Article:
Spent a busy few days travelling round the Nordics last week. The trip culminated in my participation in a debate hosted by John Lauritsen at the Copenhagen offices of Carnegie that pitched the mighty OMX exchange against Chi-X which has been stubbornly building its Nordic market share over the past few months. Given that up to 20% of some Nordic stocks are now regularly traded on the Chi-X platform instead of OMX the stakes were pretty high. Representing OMX was the imposing figure of BjÃ¸rn Sibbern, its Copenhagen CEO, who was pitted against Chi-X's CEO, Mark Howarth. As the debate raged (respectfully) back and forth I was half expecting the mighty Olof Neiglick of Burgundy to leap into the ring as tag team partner for Mark. But, in the end, the debate finished as a well fought draw.
One interesting point that was made concerned the whole issue of market supervision and the obligation that the primaries have to maintain an orderly market and to supervise the trading activities of their members. Mark made a solid defence of his market surveillance system claiming that it was on a par with, or better than, the LSE's but the fact remains that the obligation to maintain orderly trading rests with the primaries not the MTFs. BjÃ¸rn pointed out that it was in this area that he and other national exchanges had to incur higher costs whilst the MTFs could "piggy back" on his market. He summed up his position with a good point - if, for some reason, he decided to close OMX Copenhagen tomorrow then no one would trade Danish stocks at all whilst this is not the case for Chi-X (or any other MTF).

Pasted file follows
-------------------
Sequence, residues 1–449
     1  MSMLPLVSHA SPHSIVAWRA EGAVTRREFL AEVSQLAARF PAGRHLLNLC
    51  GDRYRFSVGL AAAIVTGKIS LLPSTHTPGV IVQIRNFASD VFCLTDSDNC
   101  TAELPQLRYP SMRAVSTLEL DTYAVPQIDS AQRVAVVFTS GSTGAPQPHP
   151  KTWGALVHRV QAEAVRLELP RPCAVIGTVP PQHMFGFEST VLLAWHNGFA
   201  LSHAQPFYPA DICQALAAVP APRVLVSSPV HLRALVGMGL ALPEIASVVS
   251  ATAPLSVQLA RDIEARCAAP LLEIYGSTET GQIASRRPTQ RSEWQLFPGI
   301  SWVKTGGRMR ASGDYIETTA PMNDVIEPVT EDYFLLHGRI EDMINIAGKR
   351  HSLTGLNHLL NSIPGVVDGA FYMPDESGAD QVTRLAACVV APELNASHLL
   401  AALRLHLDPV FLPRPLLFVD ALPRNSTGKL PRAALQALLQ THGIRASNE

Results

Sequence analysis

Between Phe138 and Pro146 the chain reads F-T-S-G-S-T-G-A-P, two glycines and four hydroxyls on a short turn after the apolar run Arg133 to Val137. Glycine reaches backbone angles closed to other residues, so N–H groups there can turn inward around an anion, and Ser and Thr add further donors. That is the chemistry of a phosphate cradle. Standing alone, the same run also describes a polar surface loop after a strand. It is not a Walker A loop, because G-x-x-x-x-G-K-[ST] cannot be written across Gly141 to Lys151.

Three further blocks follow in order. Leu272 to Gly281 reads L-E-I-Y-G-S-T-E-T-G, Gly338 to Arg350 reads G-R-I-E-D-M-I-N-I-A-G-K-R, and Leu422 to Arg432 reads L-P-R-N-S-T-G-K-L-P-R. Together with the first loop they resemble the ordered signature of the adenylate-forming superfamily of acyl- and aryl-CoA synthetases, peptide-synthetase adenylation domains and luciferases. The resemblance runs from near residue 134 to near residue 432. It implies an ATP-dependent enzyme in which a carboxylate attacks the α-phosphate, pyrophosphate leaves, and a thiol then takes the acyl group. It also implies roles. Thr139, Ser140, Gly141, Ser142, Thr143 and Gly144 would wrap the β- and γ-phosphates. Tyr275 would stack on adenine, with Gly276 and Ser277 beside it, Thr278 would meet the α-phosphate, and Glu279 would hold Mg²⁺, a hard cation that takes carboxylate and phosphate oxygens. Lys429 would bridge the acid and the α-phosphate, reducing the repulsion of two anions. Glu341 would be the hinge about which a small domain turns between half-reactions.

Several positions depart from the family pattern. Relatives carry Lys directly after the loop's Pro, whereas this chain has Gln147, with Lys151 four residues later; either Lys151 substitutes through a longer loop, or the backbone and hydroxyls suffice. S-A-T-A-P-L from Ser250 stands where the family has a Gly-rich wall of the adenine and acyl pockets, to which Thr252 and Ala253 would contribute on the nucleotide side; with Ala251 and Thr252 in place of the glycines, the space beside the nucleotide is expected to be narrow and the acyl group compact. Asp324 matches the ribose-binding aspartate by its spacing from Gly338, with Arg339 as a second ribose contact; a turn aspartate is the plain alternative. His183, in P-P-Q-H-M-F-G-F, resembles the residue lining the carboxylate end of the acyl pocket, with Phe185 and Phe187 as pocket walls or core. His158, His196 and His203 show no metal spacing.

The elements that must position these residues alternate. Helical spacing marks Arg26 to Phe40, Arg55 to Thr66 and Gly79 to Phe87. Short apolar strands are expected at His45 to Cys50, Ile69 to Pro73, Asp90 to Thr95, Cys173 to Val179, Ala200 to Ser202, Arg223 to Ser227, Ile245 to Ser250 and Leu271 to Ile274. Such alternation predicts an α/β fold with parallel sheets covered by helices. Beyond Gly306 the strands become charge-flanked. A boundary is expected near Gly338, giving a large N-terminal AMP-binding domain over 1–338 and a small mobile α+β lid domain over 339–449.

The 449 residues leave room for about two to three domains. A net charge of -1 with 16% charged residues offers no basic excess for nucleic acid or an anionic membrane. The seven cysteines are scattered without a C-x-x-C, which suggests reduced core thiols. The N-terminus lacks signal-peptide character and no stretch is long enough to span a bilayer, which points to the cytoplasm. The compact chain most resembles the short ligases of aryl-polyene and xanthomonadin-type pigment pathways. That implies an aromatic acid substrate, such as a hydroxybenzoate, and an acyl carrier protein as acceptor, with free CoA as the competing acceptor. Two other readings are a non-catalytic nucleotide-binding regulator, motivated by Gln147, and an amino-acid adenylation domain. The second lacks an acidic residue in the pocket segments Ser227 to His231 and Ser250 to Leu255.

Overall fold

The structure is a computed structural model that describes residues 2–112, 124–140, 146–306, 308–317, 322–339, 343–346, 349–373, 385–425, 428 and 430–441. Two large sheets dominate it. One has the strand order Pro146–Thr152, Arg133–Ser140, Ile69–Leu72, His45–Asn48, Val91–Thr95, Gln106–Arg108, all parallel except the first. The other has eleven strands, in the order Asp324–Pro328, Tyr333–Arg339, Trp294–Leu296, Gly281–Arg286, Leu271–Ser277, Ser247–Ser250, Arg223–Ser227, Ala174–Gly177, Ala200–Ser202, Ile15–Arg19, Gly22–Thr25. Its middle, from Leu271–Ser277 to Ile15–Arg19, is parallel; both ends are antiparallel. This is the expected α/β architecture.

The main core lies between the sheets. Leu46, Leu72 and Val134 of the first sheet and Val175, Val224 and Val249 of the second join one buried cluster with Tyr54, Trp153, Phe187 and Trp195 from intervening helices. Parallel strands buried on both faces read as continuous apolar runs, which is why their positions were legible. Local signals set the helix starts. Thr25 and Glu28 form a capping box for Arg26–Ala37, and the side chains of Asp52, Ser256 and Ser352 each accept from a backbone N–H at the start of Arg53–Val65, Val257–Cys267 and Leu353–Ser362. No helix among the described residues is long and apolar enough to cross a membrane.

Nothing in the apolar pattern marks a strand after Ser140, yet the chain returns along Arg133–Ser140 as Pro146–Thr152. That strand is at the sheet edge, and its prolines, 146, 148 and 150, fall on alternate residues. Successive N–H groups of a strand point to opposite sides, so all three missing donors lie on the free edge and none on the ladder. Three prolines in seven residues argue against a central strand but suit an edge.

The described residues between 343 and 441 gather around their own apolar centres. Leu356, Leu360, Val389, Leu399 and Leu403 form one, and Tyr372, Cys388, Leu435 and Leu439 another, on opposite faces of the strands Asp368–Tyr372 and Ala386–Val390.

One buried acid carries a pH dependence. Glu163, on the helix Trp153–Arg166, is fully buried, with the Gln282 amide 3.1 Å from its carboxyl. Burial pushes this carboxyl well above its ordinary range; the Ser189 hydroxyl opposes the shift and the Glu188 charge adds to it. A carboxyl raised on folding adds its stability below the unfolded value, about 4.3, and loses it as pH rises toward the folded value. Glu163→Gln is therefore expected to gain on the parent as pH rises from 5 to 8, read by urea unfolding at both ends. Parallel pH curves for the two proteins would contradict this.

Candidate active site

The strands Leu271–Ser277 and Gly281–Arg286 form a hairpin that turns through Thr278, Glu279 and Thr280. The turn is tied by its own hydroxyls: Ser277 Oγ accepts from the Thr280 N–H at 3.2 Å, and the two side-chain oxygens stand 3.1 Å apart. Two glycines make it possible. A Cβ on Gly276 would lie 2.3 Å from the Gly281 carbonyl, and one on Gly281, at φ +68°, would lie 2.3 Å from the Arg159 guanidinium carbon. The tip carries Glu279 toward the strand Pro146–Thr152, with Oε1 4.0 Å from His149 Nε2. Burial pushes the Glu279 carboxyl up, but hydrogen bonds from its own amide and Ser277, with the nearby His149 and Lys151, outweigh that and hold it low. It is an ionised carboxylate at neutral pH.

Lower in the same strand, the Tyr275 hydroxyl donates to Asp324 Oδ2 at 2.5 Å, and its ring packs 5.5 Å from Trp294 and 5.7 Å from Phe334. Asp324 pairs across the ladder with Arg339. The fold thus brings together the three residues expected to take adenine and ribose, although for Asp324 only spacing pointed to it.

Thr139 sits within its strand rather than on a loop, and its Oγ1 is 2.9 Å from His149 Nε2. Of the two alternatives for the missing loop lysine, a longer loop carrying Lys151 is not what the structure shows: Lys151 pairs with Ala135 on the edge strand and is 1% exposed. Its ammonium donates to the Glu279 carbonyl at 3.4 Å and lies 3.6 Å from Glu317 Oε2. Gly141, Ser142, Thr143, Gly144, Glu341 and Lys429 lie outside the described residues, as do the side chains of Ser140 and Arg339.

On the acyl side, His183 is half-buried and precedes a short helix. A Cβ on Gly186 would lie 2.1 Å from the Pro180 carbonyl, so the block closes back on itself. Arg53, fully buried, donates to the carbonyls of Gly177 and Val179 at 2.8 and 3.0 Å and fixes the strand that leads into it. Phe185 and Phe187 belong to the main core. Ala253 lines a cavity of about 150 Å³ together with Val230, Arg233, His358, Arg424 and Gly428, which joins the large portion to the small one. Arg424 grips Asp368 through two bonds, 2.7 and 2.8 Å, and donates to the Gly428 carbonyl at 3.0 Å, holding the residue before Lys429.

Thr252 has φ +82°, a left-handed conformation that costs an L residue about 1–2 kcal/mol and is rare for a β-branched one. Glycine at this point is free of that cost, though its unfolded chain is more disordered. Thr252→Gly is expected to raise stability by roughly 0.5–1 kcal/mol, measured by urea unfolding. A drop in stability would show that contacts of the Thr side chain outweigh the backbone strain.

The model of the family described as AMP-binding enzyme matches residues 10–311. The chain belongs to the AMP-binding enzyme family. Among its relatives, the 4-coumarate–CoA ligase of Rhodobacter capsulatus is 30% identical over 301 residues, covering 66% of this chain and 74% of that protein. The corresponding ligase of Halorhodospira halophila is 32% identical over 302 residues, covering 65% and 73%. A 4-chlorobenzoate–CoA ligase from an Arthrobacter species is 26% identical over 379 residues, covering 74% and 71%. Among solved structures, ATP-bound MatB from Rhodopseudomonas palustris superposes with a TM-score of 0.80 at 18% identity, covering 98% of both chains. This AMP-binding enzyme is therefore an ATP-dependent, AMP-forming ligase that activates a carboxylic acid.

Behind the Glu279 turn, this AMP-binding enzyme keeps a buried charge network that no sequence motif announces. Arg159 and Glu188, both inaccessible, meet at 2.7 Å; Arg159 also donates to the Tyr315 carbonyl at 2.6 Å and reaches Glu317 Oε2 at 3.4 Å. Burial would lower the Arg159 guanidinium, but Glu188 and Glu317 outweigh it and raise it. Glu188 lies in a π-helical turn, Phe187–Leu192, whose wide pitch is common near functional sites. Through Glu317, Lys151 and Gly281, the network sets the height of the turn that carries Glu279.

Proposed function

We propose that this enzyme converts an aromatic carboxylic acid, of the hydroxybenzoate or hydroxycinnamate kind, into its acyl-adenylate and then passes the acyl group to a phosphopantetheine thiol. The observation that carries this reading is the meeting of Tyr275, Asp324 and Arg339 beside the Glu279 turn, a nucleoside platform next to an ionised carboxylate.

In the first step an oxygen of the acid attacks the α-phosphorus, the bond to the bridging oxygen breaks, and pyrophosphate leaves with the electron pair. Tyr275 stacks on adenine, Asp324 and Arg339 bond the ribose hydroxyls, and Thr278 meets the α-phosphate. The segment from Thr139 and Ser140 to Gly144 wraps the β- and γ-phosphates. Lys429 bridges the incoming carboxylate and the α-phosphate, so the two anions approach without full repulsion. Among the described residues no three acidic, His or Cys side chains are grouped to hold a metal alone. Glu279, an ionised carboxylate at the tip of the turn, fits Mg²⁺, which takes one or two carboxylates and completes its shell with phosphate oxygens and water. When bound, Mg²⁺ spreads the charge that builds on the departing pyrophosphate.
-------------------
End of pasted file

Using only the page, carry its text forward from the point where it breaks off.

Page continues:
Seems like this is a point that the primary exchanges should be making much more noise about since, ultimately, they could refuse to come out to play at all. Instead of trying to beat the MTFs at their own game - price - maybe the primaries should be accentuating their differences.
As the regulatory mandarins scratch their heads over MiFID 2, I wonder also whether the regulators should create a single European body that all listed firms are obliged to report to and that undertakes market surveillance on a Europe-wide basis. This would effectively level the playing field and remove another distinction between the primaries and the MTF world.
One thing that did emerge, though, is that fragmentation in the Nordic region is on the rise and participating firms will need to have a clear view of their strategy for operating in the new environment. This is both a challenge and an opportunity as trading firms that don't have to go through the same learning curve as their European counterparts will be at a distinct advantage. John made this point, too, highlighting the difficulties in knowing exactly where this liquidity is going to. He cited the US where over 50% of liquidity that was traded on NYSE is now traded on dark pools, systematic internalisers and other non-lit venues. Obviously then, accurate information is going to be at a premium as the European picture continues to develop.
Anyway, thanks to John and his team for a well organised event and a great meal afterwards.